When IUDs Fail or Become Misplaced: Risks to Pregnant Moms and Babies

IUD (intrauterine device) birth control implants don’t always stay put. This may not come as a surprise, given the many lawsuits brought against the Mirena IUD for this reason. But when IUDs become misplaced, very serious risks and complications can arise. 

An IUD can move from its position at the top of the uterus, sometimes even perforating a woman’s uterus, and as one contraception clinic informs its patients, “as a result of perforation the IUD can pass through the uterine wall; this is the rarest and most dangerous of all IUD complications. There have been cases where an IUD has migrated to areas of the pelvis, abdominal cavity, gastrointestinal tract and bladder.” In such cases, an IUD must be removed surgically.

However, perhaps nothing is more surprising than when an IUD ends up coming out of a mother’s birth canal during delivery, clasped in her baby’s chubby hands.

This is exactly what happened in Vietnam on June 30, 2020. Obstetrician, Dr. Tran Viet Phuong, said he couldn’t help but snap a picture and post it on Facebook. This picture has since gone viral, as it’s a remarkable occurence. “After delivery, I thought him holding the device was interesting, so I took a picture. I never thought it would receive so much attention,” said Phuong.

This beautiful, full-term baby boy now joins two other siblings, and he and his mother are both completely healthy. The 34-year-old mother had had the birth control device inserted into her uterus two years prior and was surprised to learn that the device failed to prevent her getting pregnant. Most sources tout that IUDs are more than 99% effective at preventing pregnancies, although others assert that the failure rate is between 1% and 3%. Given how many women have IUDs, those who become pregnant are more than a few people.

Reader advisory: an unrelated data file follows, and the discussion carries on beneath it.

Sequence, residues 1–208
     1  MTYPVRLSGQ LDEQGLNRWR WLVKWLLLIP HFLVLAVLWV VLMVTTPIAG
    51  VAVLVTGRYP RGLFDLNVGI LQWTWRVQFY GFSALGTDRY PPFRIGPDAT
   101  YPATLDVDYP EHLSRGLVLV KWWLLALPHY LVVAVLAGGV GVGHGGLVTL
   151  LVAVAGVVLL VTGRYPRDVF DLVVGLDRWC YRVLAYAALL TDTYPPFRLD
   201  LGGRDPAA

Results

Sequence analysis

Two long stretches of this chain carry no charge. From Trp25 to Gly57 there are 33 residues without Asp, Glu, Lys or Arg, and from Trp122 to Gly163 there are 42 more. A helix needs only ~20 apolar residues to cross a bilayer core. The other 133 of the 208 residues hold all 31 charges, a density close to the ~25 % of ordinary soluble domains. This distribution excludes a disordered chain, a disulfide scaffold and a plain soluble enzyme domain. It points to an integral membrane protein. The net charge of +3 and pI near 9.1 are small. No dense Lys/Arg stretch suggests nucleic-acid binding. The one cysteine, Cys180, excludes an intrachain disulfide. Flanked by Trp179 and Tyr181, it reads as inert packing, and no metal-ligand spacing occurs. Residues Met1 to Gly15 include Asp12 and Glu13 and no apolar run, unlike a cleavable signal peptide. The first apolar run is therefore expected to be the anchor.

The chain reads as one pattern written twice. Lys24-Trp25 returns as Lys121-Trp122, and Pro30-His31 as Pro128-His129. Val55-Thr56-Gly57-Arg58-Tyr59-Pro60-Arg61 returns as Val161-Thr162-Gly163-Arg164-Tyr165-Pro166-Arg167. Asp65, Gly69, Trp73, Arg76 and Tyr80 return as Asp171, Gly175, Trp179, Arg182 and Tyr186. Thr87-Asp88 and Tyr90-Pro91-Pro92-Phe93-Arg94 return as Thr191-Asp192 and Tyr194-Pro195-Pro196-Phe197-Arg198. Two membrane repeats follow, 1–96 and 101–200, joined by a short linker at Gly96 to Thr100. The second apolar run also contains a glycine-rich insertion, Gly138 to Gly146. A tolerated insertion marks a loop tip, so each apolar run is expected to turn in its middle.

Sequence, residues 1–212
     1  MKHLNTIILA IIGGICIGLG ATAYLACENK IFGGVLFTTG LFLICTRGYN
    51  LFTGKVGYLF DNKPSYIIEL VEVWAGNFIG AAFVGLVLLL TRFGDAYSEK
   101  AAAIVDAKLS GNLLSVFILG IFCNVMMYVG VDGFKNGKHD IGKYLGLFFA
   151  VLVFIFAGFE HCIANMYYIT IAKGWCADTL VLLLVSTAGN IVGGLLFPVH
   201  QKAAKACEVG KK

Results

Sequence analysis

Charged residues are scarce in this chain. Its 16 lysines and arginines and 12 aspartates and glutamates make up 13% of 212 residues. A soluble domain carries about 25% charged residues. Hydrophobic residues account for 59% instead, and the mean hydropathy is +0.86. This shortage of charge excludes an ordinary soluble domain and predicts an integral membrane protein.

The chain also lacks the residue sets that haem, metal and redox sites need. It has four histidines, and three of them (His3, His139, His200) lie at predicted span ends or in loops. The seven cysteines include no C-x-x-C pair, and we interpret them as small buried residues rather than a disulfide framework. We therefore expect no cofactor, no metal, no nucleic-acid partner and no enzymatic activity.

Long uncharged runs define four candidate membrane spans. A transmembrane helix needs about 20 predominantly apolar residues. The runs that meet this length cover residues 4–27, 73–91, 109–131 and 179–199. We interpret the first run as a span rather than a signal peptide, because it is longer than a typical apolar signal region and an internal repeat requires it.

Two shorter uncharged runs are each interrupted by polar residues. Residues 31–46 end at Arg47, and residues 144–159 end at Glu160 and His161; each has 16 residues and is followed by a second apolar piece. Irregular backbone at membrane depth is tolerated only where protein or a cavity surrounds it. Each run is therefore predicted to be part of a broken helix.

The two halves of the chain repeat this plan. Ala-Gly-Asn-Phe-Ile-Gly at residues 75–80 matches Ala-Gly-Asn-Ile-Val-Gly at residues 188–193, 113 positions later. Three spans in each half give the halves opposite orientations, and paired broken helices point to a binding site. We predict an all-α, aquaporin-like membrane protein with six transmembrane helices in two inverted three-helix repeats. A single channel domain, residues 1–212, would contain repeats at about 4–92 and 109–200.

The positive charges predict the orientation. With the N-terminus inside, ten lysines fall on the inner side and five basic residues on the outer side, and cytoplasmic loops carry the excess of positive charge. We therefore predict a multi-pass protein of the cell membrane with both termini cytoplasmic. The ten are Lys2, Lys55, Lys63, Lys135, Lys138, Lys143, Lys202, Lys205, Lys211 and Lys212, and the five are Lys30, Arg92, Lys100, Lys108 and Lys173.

There are a number of stories of unexpected pregnancies with an IUD (another similar story went viral in 2017), and Dr. Phuong’s photo tells just one of them.

Getting pregnant while on the IUD: Health risks to mothers

However positively the story turned out for Dr. Phung’s patient, it is important to realize that there is not always a happy ending for malfunctioned intrauterine devices. 

Conceiving a child due to a failed IUD happens more than one might expect; for one, it’s a data point that’s essential to understanding how birth control effectiveness rates are determined. And when women get pregnant while on the IUD, it presents a whole host of serious health risks for both the mother and baby. Unfortunately, few people understand these risks. In fact, I did not see any IUD risks mentioned by the many news outlets that reported on Dr. Phuong’s photo.

The foremost risk of conceiving while using an IUD is, perhaps, developing an ectopic pregnancy, or a pregnancy that occurs outside the uterus (most commonly in the fallopian tubes, but also occurring on the cervix, ovary or abdomen). As an ACOG clinical bulletin explains, “The use of an IUD or implant does not increase the absolute risk of ectopic pregnancy,” but “if pregnancy does occur with an IUD in place, the pregnancy is more likely to be ectopic.”